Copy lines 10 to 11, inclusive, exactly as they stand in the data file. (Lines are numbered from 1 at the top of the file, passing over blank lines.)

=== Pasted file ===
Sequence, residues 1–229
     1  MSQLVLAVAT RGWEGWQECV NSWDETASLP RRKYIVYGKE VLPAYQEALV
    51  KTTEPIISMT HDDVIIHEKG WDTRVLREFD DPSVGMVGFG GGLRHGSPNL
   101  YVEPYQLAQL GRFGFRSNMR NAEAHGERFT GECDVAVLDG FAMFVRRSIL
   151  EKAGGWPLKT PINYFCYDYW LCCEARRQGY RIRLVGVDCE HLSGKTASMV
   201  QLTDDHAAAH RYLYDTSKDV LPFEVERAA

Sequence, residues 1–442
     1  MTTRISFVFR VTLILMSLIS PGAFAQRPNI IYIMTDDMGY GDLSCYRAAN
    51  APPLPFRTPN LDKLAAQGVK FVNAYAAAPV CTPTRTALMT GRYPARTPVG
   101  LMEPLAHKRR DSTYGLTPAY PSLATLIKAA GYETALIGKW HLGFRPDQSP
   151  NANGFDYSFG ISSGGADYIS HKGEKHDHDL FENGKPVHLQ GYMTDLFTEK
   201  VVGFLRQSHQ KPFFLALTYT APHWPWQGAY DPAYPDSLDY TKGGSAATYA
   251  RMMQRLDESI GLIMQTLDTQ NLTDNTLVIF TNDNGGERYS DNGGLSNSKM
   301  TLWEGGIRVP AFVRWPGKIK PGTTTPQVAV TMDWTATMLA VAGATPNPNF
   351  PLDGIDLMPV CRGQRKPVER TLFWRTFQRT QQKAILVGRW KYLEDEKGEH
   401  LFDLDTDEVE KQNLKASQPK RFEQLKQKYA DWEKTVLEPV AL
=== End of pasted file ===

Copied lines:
   101  LMEPLAHKRR DSTYGLTPAY PSLATLIKAA GYETALIGKW HLGFRPDQSP
   151  NANGFDYSFG ISSGGADYIS HKGEKHDHDL FENGKPVHLQ GYMTDLFTEK